Bangkok and Thailand’s main international airport is located about 45 minutes away from the city. It’s modern and has good facilities. The cheapest way to get to the city centre is by Airport Rail Link – follow the signs to the train station and get a token from one of the machines (45 baht) – you will want to go all the way to the last stop – Phaya Thai. From there you can change to the BTS which will likely get you close to your accommodation. If you are staying at Khao San Road, take the train to Phaya Thai and grab a taxi – way cheaper than getting one from the airport!
Don Muang Airport
Bangkok’s secondary airport can be a bit of a pain to get to so make sure you allow plenty of time. You need to take the BTS to Mo Chit and change to the A1 airport bus. Once off the train, face Chatuchak Park and head down the set of stairs on the right on the same side of the road as the park – the bus stop will be a little ways in front of you. There can be a LOT of traffic on the road to the airport so be patient and make sure you’re early. Don Muang isn’t fancy but all the low-cost airlines use it and that’s one of the cheapest and most efficient ways of travelling in SE Asia.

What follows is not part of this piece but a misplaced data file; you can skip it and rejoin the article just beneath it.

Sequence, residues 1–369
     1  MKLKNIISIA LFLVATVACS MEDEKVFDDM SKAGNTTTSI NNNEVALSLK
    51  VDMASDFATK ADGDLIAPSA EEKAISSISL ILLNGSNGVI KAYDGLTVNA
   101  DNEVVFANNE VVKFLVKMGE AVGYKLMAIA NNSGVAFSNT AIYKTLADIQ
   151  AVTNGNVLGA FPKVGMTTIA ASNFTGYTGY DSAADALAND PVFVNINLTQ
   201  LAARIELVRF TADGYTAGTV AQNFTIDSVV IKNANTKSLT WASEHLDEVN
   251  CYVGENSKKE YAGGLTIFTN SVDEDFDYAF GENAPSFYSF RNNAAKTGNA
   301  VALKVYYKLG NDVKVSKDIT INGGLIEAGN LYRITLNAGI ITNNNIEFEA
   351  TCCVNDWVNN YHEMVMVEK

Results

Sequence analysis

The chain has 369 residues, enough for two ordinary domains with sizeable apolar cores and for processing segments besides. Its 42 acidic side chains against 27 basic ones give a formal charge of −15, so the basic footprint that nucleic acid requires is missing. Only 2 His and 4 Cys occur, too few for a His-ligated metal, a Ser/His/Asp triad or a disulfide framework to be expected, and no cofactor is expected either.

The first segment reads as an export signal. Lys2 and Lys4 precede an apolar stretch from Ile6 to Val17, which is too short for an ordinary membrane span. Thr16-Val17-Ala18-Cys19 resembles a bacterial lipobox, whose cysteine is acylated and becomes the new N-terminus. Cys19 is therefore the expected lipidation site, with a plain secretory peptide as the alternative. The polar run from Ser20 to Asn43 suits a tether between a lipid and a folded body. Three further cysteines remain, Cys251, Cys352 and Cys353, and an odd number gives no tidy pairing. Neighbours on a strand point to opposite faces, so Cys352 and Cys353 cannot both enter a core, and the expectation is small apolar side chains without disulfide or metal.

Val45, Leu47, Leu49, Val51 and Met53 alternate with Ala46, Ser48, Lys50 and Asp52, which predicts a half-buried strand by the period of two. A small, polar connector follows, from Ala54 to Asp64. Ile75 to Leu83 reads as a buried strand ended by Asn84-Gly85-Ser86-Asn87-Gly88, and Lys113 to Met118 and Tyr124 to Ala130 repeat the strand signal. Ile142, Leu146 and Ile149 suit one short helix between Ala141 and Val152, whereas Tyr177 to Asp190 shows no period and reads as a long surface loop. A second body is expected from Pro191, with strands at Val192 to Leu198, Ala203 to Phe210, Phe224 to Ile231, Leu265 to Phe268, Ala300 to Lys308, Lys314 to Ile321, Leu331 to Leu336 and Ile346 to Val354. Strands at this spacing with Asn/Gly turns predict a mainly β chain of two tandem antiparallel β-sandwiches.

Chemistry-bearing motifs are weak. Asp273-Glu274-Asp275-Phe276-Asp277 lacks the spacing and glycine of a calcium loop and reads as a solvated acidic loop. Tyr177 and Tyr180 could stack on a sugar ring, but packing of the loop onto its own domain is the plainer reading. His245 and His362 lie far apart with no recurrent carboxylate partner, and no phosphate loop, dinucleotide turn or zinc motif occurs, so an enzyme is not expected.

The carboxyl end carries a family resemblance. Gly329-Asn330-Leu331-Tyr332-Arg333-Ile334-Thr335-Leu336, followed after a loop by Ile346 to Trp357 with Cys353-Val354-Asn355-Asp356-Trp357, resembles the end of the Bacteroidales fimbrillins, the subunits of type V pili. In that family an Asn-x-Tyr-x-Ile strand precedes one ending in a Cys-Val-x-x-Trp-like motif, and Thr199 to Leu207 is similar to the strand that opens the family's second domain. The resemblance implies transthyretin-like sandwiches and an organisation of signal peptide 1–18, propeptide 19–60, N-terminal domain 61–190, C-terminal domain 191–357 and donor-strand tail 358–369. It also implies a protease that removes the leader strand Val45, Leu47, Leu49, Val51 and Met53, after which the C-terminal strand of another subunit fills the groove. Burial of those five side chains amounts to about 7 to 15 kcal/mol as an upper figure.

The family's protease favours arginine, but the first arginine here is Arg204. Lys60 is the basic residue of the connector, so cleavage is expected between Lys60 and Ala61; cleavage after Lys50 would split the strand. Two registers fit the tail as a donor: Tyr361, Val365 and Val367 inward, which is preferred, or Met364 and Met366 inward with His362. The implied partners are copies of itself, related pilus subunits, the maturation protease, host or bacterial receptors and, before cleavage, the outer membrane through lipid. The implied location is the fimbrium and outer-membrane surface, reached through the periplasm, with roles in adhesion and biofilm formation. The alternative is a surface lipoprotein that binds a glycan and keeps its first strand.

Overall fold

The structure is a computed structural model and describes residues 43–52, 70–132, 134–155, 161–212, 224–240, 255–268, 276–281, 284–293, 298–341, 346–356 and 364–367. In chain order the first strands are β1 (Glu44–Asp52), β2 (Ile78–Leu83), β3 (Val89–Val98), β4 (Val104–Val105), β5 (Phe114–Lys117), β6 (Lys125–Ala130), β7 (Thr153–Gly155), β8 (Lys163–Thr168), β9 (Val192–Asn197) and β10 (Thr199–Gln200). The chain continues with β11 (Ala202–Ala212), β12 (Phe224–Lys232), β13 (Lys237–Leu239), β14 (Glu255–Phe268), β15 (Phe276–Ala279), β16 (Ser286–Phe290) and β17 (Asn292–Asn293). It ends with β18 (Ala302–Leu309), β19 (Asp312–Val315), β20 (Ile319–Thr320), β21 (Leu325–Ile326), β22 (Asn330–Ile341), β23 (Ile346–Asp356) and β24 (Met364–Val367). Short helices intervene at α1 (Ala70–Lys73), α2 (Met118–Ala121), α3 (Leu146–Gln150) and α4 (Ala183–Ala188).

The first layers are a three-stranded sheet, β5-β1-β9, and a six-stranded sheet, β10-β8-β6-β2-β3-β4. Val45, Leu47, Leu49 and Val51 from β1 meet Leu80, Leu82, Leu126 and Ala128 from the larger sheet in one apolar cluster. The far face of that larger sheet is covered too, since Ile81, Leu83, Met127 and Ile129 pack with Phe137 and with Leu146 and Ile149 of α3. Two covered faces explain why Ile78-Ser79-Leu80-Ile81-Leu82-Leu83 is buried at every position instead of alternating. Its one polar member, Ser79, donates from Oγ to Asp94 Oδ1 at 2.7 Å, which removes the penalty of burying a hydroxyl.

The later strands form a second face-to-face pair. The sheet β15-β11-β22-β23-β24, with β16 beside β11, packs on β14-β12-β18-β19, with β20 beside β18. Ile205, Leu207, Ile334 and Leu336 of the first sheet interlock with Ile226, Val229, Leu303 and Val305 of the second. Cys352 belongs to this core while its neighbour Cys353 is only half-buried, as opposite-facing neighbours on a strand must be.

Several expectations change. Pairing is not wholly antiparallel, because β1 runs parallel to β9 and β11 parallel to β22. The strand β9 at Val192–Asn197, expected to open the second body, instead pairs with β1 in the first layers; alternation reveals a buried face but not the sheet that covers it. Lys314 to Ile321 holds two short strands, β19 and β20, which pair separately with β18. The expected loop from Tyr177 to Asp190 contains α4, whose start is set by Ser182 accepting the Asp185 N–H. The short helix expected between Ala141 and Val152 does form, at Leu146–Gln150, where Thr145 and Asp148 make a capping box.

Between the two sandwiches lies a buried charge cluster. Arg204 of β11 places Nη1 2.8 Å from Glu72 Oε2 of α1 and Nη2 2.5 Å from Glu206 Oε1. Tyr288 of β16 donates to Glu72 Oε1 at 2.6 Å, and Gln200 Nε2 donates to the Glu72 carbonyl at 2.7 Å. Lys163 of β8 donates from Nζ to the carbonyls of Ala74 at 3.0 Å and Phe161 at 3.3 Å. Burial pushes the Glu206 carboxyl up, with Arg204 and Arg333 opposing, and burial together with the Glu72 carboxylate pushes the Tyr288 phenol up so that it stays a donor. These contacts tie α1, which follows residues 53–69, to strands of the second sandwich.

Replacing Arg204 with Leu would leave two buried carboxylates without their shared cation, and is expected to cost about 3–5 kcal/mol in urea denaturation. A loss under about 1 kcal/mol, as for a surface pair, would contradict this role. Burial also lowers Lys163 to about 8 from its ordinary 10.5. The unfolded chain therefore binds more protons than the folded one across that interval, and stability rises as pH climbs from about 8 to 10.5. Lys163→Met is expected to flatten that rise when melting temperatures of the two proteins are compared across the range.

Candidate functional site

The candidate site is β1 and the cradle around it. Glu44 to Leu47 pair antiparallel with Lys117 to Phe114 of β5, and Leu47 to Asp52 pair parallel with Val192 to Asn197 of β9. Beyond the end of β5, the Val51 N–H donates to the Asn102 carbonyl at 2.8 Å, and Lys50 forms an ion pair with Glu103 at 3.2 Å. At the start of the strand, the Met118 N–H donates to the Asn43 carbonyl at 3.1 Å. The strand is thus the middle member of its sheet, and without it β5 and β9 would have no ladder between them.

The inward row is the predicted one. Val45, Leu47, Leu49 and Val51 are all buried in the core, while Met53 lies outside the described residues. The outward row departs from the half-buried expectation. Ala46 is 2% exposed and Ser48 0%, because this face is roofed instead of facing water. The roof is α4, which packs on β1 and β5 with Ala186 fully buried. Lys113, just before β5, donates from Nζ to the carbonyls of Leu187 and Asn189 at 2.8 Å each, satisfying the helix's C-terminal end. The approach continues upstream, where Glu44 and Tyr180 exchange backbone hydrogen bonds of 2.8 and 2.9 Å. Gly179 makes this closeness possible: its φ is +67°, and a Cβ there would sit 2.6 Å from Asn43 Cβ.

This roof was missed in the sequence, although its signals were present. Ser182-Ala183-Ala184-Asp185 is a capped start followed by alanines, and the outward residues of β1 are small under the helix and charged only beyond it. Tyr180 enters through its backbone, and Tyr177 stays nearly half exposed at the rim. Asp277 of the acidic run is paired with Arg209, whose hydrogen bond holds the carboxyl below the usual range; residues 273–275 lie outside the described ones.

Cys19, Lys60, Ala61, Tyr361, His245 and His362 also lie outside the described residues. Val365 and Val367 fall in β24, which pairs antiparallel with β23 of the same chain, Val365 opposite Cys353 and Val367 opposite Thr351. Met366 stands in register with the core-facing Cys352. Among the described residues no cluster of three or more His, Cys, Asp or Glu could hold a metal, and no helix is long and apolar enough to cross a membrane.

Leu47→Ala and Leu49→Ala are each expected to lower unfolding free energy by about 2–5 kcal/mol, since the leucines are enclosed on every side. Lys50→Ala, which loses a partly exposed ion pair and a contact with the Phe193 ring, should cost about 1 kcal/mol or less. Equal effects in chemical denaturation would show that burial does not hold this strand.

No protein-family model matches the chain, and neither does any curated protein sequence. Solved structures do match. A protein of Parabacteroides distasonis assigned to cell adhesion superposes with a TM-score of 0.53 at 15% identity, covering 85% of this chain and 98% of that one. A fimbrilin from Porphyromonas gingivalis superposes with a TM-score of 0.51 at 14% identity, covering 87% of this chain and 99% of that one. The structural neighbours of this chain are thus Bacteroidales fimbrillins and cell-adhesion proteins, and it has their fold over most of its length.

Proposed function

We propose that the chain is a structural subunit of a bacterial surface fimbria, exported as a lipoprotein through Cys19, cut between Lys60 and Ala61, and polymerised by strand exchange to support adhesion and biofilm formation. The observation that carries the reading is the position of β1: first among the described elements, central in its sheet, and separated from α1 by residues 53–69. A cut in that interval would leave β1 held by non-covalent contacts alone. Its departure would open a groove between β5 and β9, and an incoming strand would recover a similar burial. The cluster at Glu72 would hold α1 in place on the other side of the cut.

Tip: There is a free shuttle bus between Suvarnabhumi and Don Muang – very handy if you have time to spare and need to get between airports without heading into the city. It runs from 05:00-midnight and even though I haven’t used it myself, it seems like a good option if you are heading out of Bangkok via a budget airline.
Mo Chit, Ekkamai and Southern Bus Terminals